Re: what demarcation type used in new homes?
#16746 09/10/07 02:37 PM
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All the Cat5's that I install are home runs to an equipment closet or cabinet. From there, a feed is run to the NID.

The 66 blocks, data jack panels, modem, router, and UPS are all there. That accomplishes several things. All the wires can be used universally, and it keeps Telco's little fingers out of my work.

I never run a Cat5 or any wire "outside" and most NIDs around here are inside, for security reasons.


Arthur P. Bloom
"30 years of faithful service...15 years on hold"

Re: what demarcation type used in new homes?
#16747 09/10/07 02:54 PM
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I'm with Hal, use the right cable and jack for the application it's being used for. Even if you or the customer insist on CAT5 for the "future use" use the right jack to keep people from pluging the wrong piece of equipment into the phone jack.


Retired phone dude
Re: what demarcation type used in new homes?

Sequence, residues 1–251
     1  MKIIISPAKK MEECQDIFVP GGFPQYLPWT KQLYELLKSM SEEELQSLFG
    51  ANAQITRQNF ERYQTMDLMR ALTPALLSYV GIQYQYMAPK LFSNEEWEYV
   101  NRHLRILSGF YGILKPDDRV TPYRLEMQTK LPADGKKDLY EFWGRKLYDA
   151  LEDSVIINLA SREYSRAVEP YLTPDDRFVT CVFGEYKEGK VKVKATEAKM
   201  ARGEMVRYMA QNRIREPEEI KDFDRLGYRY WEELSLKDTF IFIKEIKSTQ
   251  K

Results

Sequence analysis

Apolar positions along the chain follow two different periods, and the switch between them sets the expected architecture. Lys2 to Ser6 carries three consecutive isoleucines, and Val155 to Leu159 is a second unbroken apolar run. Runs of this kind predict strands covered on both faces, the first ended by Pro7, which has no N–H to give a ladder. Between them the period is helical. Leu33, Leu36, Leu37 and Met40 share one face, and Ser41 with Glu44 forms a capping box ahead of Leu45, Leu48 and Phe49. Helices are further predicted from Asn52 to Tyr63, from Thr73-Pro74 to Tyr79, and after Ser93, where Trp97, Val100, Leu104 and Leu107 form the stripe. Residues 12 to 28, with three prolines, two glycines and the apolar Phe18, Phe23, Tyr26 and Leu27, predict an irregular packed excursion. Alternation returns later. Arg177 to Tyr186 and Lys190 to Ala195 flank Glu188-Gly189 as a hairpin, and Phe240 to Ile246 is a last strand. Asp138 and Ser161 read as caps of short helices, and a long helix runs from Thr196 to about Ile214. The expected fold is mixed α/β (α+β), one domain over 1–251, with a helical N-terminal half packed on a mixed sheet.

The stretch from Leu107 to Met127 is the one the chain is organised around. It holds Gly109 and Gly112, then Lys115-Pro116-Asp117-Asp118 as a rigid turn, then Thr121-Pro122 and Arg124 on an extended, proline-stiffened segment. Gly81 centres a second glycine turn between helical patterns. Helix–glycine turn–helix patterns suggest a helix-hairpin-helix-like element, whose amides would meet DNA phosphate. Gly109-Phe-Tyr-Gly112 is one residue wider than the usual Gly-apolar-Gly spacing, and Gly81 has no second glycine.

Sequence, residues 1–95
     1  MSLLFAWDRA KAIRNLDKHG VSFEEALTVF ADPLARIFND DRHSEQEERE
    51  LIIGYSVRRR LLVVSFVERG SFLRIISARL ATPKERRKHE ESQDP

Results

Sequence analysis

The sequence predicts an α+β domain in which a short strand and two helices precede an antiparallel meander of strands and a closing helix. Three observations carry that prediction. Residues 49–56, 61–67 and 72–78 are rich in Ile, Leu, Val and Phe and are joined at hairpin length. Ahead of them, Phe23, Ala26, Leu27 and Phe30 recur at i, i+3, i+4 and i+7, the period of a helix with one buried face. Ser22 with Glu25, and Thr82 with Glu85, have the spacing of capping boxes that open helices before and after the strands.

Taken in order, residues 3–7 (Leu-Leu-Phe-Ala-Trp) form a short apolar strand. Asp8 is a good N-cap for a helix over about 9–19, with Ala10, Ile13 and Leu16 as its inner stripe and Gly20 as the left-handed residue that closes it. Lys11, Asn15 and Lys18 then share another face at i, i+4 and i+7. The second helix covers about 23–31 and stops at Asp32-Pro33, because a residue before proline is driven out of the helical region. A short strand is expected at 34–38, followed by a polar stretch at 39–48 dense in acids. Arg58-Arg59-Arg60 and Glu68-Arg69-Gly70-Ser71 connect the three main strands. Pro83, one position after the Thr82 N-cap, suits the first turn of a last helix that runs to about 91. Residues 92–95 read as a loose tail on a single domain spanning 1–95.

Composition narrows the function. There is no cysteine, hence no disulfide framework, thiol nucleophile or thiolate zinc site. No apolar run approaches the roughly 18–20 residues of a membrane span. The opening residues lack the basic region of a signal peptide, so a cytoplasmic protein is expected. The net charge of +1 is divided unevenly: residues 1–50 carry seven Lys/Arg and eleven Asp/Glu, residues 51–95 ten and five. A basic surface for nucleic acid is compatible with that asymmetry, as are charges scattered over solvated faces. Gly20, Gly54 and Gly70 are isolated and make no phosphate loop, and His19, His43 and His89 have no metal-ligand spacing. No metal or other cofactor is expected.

#16748 09/10/07 03:04 PM
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Ozzy Offline OP
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All your comments were very helpful. As for the terminology I used, ex. demarc type, I guess I learned know that I am looking for a junction box.

I like hbiss comment on using 2 66-blocks, but I have never installed a 66 block so I wouldn't know. I have had to test a line using a butt set, to diagnose the problem by removing the bridge clip and seeing if it internal or not. I never though of daisy chaining. I will buy a couple of 66 blocks and practice.

I ounce bought a junction box that I though will be sufficient. It had 2 terminals for a pair from the NID and had 5 sets of 2 terminals that connected all the cable runs to that NID pair. The problem is I can't find these no more. but justbill nailed it.

I am trying to learn how to do it like a pro.

I don't care for one cable or the other, but I thought that standards are changing and leading to cat 5e. I would find it even easier to work with cat 3 plus a little less cost.


Best regard,

Ozzy